....The activity of pembrolizumab, formerly MK-3475 (Merck's anti-PD1) in melanoma is very similar to that of nivo...and closely resembles nivo except that the affinity for PD-1 is as much as 10 fold better. At the doses given it is difficult to know if this makes any difference, as drug levels may be saturating.  Slide comparing pembro and nivo:

...the pembro data reported at ASCO are from a huge Phase 1 clinical trial in advanced melanoma...Merck...made a strategic decision to stratify patients by prior exposure to ipi...This gave [Merck] a jump on the field, allowing them to pursue FDA approval first for ipi-refractory patients. the toxicity profile of ipi, there are a lot of these patients....  If we focus on the ipi-naive ORR and 1 year survival data...we have to conclude that these drugs are pretty comparable...To differentiate will have to come from longer duration...ongoing trials....In the nivo trial...half of the responding patients stopped therapy for reasons other than disease progression, most likely...due to AEs.  [Though] 3/4 of nivo patients stopping therapy maintained a response, some for extended periods.  In pembro...the SAE rate was 12% but only 4% of patients discontinued therapy.  The catch is that in order to move ORR higher than 40%, combination therapy may be needed.  But..the ipi/nivo combo comes with much higher toxicity and drop-out rates.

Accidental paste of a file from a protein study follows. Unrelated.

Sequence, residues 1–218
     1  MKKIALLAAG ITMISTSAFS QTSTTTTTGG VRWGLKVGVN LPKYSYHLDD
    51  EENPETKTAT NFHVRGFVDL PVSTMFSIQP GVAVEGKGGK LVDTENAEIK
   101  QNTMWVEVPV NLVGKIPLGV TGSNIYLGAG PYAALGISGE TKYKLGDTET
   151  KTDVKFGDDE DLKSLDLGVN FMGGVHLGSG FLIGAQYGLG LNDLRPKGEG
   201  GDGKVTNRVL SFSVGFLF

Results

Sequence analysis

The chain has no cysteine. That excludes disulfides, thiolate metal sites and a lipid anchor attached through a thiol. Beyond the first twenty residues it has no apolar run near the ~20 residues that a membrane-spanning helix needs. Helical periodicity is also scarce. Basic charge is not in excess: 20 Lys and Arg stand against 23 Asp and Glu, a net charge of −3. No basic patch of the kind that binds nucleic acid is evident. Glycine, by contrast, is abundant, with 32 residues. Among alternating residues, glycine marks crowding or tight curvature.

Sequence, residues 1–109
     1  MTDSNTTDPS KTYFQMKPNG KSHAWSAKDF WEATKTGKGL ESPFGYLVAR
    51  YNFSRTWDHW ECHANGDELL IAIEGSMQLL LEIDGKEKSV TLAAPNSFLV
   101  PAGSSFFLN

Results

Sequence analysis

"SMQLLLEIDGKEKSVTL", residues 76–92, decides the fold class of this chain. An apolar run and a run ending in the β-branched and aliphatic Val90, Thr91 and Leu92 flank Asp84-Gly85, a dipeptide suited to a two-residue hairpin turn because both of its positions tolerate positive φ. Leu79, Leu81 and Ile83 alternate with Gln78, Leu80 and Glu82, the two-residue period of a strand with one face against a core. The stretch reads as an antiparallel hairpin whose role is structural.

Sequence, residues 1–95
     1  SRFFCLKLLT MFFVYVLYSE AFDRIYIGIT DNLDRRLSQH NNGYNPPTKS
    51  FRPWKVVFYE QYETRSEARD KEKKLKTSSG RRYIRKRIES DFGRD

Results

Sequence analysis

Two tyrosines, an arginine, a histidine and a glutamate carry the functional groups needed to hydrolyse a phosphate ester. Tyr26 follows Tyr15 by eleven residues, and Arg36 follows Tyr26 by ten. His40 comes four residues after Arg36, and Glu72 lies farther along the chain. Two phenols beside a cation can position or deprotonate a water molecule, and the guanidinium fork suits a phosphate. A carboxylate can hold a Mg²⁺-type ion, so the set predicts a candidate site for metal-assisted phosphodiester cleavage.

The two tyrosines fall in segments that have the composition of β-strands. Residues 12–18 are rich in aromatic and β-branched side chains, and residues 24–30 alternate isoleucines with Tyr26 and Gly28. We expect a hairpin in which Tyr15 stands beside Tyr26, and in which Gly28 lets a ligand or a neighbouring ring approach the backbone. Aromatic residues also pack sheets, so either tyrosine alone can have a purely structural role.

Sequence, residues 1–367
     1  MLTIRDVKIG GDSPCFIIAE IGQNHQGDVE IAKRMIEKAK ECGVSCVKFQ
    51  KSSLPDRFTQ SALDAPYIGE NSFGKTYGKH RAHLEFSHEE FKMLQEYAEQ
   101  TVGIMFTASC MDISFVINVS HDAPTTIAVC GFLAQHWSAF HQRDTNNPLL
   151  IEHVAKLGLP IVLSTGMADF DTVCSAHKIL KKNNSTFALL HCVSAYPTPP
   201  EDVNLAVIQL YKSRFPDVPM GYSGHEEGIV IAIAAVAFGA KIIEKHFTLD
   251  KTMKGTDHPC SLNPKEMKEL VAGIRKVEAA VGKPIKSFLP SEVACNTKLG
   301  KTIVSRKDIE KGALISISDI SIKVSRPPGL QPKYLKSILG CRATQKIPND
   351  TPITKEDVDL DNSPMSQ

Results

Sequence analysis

Anti-PD-L1 antibodies constitute the second class of therapeutics targeting the PD-1 pathway...PD-L1 is also important in...predicting response to therapy...the utility of this marker...was subject of considerable discussion.  When ORR is 40% it is helpful to select patients prospectively.  In a study of responsiveness to pembro, Kefford, used an analysis of PD-L1 expression to demonstrate a remarkable difference in...response between patients with greater or = 1% PD-L1 expression vs patients who were PD-L1 negative.  Biopsy 2 months before pembro determined PD-L1 expression.  Patients were given Pembro at either 10mg/kg q2wk, 10mg/kg q3wk, or 2mg/kg q 3 wk with median treatment of 23 weeks and 13 month follow-up.  ORR = 41%.  Median PFS = 31 weeks and median OS was not reached.  1 year survival = 81%.  So this was a terrific cohort within the larger pembro study, likely due to the higher dose used.  PD-L1 expression was associated with improved ORR by 51% vs 6%, PFS = median 12 vs 3 months, and 1 year survival = 84% vs 69%.  No treatment related deaths, 14% experienced SAEs, again reflecting the aggressive dosing schedule.

In the larger trial of ipi naive patients treated with Nivo, PD-L1 tumor staining was associated with ORR, but only weakly with PFS and OS.  Why the data are less robust than the Kefford study is unclear.  What is abundantly clear however is that there were profound responses in patients scored as PD-P1 negative, as shown in the screen grab from Dr. Weber's review:

Not exactly new information from posts I made in June 2013 or within more recent ones...but some interesting view points and nice access to slides.  You can check out the posts themselves via the link below.  Best - c

PS...I couldn't get the address to work as a link...but if you copy/paste the address below and then search....the information will come up.  C